Timeshifter App Ends Jet Lag For Optimal Productivity

My friend Nicole Feldman travels for work a lot. Probably about three times per month at least.

She travels for fun too though. Jay and I meet up with her and her husband all over the world. We just got back from a trip to Paris to eat macaroons and croissants. Highly recommend 🙂

In fact, she wrote a guest post for me about how to pack for a two-week vacation to Europe in a carry-on bag. She knows her stuff when it comes to traveling. So when she told me she was trying out a new app called Timeshifter to try to mitigate jet lag I was interested.

She first started using it for a marathon trip from San Francisco to Tokyo for work. From there she was headed back to New York city for a wedding. Whoa.

She followed the rules and was able to dance the night away at her friend’s wedding instead of zoning out like a zombie in need of a nap.

After hearing that, I knew needed to learn more about this app. I tried it out on our recent trip to Paris. Between New York and Paris there is a 6 hour time difference this time of year.

The Timeshifter app allows you to put in all your departure and arrival information and then spits out a plan for you to follow.

It starts a few days before your trip and ends a few days after so you can get acclimated to your new time zones.

It is based on the science of your circadian rhythm. We have a 24-hour circadian clock, also called the suprachiasmatic nucleus (SCN), that helps us manage the regular rhythm of our day. Jet lag is caused when the sleep/wake and light/dark cycle shift too quickly for our circadian clock to keep up.

Believe it or not, light is the most important time cue for resetting your circadian clock. Managing when you see and avoid light is critical to adapting to new time zones quickly. The right light exposure at the right time can significantly accelerate your adaptation. Seeing light at the wrong time will make your jet lag worse. It’s really all about timing and figuring out the balance based on your sleep pattern, chronotype, and itinerary. Factoring in all these variables the app claims to create the perfect bespoke plan for you.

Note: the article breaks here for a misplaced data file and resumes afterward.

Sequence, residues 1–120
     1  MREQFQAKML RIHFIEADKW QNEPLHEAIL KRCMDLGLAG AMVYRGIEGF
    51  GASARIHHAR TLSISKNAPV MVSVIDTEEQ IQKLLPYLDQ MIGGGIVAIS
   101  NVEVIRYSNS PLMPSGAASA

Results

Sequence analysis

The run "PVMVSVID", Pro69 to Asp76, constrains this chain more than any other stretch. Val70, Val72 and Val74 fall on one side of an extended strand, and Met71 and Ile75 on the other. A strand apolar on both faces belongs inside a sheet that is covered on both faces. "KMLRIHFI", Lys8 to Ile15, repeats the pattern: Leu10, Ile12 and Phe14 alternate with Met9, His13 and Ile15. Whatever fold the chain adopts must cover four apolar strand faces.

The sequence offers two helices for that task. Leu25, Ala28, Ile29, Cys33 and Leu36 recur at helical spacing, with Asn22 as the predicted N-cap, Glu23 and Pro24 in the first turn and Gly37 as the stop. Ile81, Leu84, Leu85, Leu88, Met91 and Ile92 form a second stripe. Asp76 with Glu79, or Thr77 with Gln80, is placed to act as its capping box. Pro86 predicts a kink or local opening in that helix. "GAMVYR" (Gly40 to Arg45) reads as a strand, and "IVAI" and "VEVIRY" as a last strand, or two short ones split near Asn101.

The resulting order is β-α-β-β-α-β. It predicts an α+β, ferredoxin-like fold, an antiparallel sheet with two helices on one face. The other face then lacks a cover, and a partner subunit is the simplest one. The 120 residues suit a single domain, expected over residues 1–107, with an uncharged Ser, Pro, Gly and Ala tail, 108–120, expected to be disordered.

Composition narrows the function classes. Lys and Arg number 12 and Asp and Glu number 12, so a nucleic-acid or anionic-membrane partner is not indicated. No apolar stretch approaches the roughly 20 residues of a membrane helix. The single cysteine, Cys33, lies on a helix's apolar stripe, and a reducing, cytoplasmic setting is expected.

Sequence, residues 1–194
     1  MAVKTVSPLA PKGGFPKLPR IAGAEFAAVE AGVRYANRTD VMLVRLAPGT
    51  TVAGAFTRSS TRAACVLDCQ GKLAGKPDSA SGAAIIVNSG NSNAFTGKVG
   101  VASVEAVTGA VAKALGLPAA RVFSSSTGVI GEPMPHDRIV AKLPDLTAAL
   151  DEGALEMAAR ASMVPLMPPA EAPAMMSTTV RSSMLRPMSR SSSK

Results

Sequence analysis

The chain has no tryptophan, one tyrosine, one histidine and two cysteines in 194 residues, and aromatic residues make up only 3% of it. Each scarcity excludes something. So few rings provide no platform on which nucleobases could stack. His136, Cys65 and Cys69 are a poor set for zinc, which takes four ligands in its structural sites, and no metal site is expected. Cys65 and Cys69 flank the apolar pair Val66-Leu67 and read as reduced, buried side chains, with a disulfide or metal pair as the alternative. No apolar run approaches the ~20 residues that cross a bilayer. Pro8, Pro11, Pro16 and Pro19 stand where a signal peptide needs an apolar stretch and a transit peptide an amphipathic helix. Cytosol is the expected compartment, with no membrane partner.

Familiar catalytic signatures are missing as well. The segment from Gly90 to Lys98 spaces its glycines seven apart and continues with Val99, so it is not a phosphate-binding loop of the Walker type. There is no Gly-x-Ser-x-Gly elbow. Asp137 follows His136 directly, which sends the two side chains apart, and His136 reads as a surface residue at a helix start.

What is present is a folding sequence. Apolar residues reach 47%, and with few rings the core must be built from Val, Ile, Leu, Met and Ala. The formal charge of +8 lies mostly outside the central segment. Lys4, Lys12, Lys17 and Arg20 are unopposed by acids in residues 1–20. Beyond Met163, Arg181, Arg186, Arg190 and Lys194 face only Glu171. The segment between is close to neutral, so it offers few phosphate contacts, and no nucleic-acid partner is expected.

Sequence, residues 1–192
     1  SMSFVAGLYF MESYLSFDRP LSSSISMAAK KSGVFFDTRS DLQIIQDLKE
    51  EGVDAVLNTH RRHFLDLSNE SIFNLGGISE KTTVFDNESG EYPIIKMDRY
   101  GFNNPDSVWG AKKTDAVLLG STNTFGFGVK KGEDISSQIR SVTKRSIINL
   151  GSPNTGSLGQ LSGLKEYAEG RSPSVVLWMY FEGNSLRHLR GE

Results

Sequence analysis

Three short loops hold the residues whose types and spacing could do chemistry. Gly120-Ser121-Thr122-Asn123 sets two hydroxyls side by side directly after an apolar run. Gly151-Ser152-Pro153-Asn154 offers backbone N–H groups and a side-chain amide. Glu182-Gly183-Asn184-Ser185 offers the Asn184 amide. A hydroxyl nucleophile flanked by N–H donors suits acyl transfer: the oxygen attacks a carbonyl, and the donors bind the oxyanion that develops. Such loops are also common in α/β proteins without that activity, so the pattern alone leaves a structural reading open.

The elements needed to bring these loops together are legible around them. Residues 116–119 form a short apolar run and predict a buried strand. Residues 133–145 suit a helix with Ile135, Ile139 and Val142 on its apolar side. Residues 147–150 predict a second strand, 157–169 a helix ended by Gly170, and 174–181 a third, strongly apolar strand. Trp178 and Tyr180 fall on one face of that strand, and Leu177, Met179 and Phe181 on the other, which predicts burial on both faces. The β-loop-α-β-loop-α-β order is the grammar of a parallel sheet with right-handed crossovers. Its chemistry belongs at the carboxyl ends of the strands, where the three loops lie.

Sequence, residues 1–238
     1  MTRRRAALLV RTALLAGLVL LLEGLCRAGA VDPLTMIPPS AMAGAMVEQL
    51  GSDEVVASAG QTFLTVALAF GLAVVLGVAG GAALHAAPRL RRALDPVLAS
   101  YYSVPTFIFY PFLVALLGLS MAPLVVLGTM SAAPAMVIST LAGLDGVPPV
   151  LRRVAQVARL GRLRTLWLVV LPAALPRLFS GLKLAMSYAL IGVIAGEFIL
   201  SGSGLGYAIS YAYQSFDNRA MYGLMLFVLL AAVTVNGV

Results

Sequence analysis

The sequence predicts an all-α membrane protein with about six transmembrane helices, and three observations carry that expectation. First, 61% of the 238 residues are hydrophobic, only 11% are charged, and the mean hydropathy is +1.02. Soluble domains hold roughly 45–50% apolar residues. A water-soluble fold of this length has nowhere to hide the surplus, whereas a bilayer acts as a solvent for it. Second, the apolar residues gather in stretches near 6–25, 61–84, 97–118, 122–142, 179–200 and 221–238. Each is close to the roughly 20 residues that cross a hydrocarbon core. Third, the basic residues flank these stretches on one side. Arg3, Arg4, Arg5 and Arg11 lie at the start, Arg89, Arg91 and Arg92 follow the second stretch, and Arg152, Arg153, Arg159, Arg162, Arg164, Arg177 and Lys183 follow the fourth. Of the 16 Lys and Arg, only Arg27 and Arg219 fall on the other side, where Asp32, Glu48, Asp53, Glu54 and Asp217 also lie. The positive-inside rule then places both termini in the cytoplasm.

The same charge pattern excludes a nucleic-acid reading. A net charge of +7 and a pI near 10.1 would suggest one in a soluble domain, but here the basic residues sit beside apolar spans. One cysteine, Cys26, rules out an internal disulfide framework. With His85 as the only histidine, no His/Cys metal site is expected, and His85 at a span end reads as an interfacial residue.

The plan will tell you when to look at bright light and when to avoid it. It will also give you notes on when to drink caffeine and when not to. Plus, it gives you directions for when to nap and sleep along your journey. For those who need it, the app also give pointers on when to use melatonin and other products for sleep.

I didn’t use melatonin and tried to follow the app as closely as possible but it wasn’t always easy.

For instance, on my way back from Paris the app told me to avoid sunlight during travel. So before boarding my flight and well into my fight I wore sunglasses. I looked very fabulous of course, but it wasn’t the most convenient.

Plus if you’re traveling with other people it can be tough to follow the sleep recommendations depending on what activities you have planned.

But overall I did feel better when I landed in Paris than I usually do. Usually I’m dying to take a nap but this time I felt pretty alert even though it was 6am!

When I returned home I didn’t have the usual dragging feeling I get where I’m falling asleep at 7pm from traveling west.

My friend Terri also tried the app when she was going from New York to Las Vegas for a speaking gig. She had to be her best when she arrived and then when she returned home she had another event.

The app worked for her too. She didn’t need to take a nap immediately after landing as usual.

The app is definitely worth a shot. The first plan is free. Then after that it’s $9.99 per trip or you could do the yearly plan which costs $24.99.

It can sometimes be inconvenient to use but I like the alerts that it gives you and it’s almost like a game to follow the steps.

Hey if it’s good enough for an astronaut – it’s good enough for me! Let me know if you try it out.

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